I'm recently back from New Delhi where I attended meetings on global health security, tuberculosis, and HIV -- and very importantly, participated in the World Health Organization's event to certify Southeast Asia free of polio.
The 11 countries of Southeast Asia -- Bangladesh, Bhutan, Democratic People's Republic of Korea, India, Indonesia, Maldives, Myanmar, Nepal, Sri Lanka, Thailand and Timor-Leste -- are home to 1.8 billion people.
This means 80 percent of the world is now polio-free -- a remarkable achievement.
Even as we celebrated this important milestone, we acknowledged there's more to do.
There are still three places in the world where wild poliovirus has never stopped killing and disabling children: Afghanistan, Pakistan, and Nigeria. Last December I had the chance to visit Nigeria and observe first-hand the progress they're making in the fight against polio.
I visited health clinics and participated in vaccination campaigns, honored to be one of those administering polio vaccine to waiting children, helping make sure those children will never suffer from this terrible disease.
The lessons of Southeast Asia are being applied in these last three countries -- improving immunization activities, outreach to underserved populations, special approaches in security-compromised areas, outbreak response, improved routine immunization and disease tracking -- so the world can get to the finish line in the fight against polio.
Not only does eradicating polio mean saving countless children and families and tens of billions of dollars in treatment and care, it also means new opportunity and growth for entire communities and countries.
As we continue to eradicate polio nation by nation, it is a victory for the entire world. And when it is done, it will be the ultimate in equity and sustainability because it will be for every single child in the world and it will be forever.
In January, India completed three full years without a new case of polio, proving that the virus had finally been stopped within its borders. India was the last of the 11 countries in Southeast Asia to beat the disease, setting the stage for the region's polio-free certification this month. Pictured here is a polio vaccination team in Raftan Pur Kalam, Moradabad, India, in front of one of the houses they visit. Photo credit: Almudena Toral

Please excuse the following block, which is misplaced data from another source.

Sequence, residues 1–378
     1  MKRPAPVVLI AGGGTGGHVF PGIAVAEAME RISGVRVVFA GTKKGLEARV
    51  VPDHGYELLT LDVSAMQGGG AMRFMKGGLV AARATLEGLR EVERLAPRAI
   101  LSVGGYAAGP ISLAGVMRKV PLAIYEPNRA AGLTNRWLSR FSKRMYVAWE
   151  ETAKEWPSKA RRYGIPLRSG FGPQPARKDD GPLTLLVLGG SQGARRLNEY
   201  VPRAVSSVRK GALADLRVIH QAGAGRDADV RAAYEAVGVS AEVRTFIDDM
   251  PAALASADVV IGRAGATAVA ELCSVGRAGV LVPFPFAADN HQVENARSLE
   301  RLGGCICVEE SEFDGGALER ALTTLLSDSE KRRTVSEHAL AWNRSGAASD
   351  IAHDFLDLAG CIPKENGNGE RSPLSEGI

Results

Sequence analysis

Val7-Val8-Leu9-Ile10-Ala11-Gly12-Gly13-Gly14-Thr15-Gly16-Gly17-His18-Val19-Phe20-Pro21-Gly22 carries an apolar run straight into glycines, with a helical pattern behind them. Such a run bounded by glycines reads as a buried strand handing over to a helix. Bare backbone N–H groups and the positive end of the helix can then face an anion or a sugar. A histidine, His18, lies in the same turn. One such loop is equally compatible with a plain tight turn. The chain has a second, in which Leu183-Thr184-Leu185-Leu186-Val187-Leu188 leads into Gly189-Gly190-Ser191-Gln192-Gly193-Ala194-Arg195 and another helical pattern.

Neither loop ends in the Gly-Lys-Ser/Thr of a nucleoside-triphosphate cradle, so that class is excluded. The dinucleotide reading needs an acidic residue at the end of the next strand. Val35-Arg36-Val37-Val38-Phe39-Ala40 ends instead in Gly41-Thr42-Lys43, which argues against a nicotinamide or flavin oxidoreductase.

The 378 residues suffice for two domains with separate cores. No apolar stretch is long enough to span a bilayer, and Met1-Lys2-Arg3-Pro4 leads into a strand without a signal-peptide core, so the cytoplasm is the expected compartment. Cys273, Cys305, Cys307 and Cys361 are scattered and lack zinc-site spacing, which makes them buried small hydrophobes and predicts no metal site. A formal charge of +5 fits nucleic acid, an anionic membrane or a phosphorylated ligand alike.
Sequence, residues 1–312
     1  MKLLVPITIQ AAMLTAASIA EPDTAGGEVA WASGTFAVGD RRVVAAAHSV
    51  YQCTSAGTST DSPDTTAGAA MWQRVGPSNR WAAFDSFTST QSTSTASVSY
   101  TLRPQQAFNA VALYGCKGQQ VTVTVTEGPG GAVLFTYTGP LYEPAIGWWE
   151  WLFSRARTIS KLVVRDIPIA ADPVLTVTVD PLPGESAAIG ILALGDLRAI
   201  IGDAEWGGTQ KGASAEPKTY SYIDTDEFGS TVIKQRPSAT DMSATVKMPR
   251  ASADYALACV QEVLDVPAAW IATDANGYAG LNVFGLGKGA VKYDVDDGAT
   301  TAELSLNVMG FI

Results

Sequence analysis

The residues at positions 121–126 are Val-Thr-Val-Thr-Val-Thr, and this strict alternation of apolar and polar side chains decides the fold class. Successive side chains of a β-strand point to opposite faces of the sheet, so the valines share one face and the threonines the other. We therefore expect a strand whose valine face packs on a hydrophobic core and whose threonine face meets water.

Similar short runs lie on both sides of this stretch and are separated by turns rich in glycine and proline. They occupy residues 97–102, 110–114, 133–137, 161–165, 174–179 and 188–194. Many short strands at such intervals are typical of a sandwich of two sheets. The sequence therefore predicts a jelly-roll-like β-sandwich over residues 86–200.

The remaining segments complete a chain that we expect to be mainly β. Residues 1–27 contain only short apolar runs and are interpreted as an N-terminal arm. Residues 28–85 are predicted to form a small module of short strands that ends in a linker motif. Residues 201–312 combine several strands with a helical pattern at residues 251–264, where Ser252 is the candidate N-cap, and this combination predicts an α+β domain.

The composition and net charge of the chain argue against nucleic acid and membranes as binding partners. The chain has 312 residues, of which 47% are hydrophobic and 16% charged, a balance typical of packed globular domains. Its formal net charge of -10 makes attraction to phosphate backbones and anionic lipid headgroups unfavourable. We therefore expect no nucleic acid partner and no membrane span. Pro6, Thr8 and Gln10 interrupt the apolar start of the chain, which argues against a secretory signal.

Until very recently, polio was considered a fact of life in India. Polluted water, poor sanitation, extreme poverty and a very dense population allowed the disease to flourish. This child has come to be immunized at one of the vaccination booths in Moradabad, India. Photo credit: Almudena Toral
Just a few drops of the oral polio vaccine, given in several doses, will protect a child from this terrible disease. Photo credit: Almudena Toral
In late March, leaders from around the world gathered in New Delhi to mark the certification of Southeast Asia as polio-free. Photo credit: U.S. Embassy New Delhi
It was a great pleasure to speak with Dr. Poonam Khetrapal Singh, the WHO Regional Director for South-East Asia. Photo credit: U.S. Embassy New Delhi
I’m talking here with Dr. Akinori Kama, Liaison Officer to the Regional Director, World Health Organization’s South-East Asia Regional Office. Dr. Kama was one of the first people I met when I moved to India in 1996 to work for 5 years on tuberculosis control. Photo credit: U.S. Embassy New Delhi
At the New Delhi event, I was able to speak with Dr. Yonas Tegegn, WHO’s representative in Thailand. Photo credit: U.S. Embassy New Delhi
It is a privilege for CDC to be part of this global effort, working so every mother can know that her child will never be at risk for polio. Photo credit: CDC
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